<asp:gridview id="gvProducts"
  autogeneratecolumns="False"
  emptydatatext="No data available."
  runat="server" DataKeyNames="ProductID"
  CssClass="mGrid" >
<Columns>
    <asp:BoundField DataField="ProductID" HeaderText="Product ID"/>
    <asp:BoundField DataField="Name" HeaderText="Product Name" />
    <asp:BoundField DataField="ProductNumber" HeaderText="Product Number" />
    <asp:BoundField HeaderText="Price"
            DataField="ListPrice"
            DataFormatString="{0:c}">
        <ItemStyle HorizontalAlign="Right"></ItemStyle>
    </asp:BoundField>
    <asp:TemplateField>
        <ItemTemplate>
            <asp:Image ID="imgPhoto" runat="server"
                onmouseover "fnZoomImage(this.src);"
                onmouseout "HideImage();"
                ImageUrl = '<%#"ImageHttpHandler.ashx?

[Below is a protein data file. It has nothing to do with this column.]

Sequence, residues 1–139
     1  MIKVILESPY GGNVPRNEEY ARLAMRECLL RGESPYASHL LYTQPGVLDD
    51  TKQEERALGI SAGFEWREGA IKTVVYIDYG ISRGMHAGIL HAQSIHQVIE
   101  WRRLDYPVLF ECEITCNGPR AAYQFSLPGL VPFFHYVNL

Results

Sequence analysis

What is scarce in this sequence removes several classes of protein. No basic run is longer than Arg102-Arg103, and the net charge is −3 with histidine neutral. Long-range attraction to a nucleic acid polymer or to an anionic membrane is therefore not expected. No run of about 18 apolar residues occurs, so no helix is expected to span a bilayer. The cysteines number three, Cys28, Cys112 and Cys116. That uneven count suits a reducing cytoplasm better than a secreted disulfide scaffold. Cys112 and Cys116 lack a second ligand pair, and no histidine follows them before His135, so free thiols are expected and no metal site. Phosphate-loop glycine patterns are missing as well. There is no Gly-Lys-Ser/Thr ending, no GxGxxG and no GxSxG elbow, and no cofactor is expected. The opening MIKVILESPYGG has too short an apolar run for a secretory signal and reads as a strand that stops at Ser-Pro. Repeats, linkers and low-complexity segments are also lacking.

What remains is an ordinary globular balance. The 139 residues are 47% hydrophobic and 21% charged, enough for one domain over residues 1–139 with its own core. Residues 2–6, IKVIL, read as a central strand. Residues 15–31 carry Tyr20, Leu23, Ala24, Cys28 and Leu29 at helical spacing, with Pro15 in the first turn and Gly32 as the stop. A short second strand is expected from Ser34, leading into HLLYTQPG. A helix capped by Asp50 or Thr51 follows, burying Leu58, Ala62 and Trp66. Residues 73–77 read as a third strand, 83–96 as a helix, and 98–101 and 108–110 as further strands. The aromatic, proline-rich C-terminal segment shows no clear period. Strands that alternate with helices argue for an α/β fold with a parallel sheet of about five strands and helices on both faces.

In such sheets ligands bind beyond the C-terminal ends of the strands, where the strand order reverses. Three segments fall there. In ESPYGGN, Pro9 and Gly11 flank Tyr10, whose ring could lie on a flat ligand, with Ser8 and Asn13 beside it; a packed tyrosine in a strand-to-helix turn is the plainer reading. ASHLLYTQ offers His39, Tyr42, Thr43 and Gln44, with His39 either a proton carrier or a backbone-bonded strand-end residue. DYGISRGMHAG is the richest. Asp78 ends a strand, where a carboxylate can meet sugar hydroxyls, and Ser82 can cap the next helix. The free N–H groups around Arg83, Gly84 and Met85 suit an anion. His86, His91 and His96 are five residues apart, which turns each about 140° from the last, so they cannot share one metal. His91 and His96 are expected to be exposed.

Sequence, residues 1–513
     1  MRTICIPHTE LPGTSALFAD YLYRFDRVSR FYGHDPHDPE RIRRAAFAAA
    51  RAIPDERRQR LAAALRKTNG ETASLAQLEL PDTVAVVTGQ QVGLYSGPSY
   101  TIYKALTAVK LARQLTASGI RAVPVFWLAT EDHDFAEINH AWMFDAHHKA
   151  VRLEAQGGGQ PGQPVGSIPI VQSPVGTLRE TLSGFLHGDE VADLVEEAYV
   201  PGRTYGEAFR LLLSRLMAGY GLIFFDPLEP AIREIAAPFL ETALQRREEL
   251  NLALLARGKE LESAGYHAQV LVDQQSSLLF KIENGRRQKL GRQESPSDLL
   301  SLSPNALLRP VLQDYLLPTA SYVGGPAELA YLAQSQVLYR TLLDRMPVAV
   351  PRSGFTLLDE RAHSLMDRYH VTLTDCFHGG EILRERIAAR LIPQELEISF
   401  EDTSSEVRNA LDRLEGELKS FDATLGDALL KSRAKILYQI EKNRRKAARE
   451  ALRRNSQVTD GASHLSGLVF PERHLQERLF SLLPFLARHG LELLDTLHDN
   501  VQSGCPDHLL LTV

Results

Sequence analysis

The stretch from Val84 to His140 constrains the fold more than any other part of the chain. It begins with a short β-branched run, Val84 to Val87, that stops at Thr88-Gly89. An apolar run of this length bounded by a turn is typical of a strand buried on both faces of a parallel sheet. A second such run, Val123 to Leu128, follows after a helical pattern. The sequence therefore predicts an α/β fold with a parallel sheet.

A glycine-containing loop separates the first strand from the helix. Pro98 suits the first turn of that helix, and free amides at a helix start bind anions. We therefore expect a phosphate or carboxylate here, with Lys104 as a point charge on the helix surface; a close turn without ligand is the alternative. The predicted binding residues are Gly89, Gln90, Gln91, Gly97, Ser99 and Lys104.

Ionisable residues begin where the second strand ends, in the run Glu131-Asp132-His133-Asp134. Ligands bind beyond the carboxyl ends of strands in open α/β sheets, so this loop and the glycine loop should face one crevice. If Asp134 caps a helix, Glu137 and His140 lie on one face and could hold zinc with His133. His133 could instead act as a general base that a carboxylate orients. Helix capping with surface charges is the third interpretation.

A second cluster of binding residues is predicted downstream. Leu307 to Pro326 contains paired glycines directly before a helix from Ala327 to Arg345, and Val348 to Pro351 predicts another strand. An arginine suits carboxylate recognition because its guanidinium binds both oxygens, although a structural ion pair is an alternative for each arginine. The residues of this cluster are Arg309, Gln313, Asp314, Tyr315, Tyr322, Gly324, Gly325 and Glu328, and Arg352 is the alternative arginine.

ProductID="+Eval("ProductID")+"&ViewMode=Thumbnail"%>' />
        </ItemTemplate>
    </asp:TemplateField>
</Columns>
</asp:gridview>
I have created a simple DIV element and added a image control to it. We will embed the fullsize image into this control in the javascript function.  I have applied custom style to this DIV to align this to center and other basic formatting as border etc.
<div id="divImage" class="zoomClass">
    <table style="height: 100%; width: 100%">
        <tr>
            <td valign="middle" align="center">
                <img id="imgZoom" runat="server" style="display: none;"/>
            </td>
        </tr>
    </table>
</div>
 
.zoomClass
{
    display: none;
    position: fixed;
    top: 20px;
    left: 0px;
    background-color: #FFFFFF;
    height: 500px;
    width: 600px;
    padding: 3px;
    border: solid 1px #525252;
}
HTTP handlers are the .NET components that implement System.Web.IHttpHandler interface. They can act as a target for the incoming HTTP requests and can be called directly by using their file name in the URL. When a request is made to the web server for an ASP.NET resource (.aspx, .asmx, ashx etc.), the worker process of the ASP.NET creates the right HttpHandler for the request which responds to the request.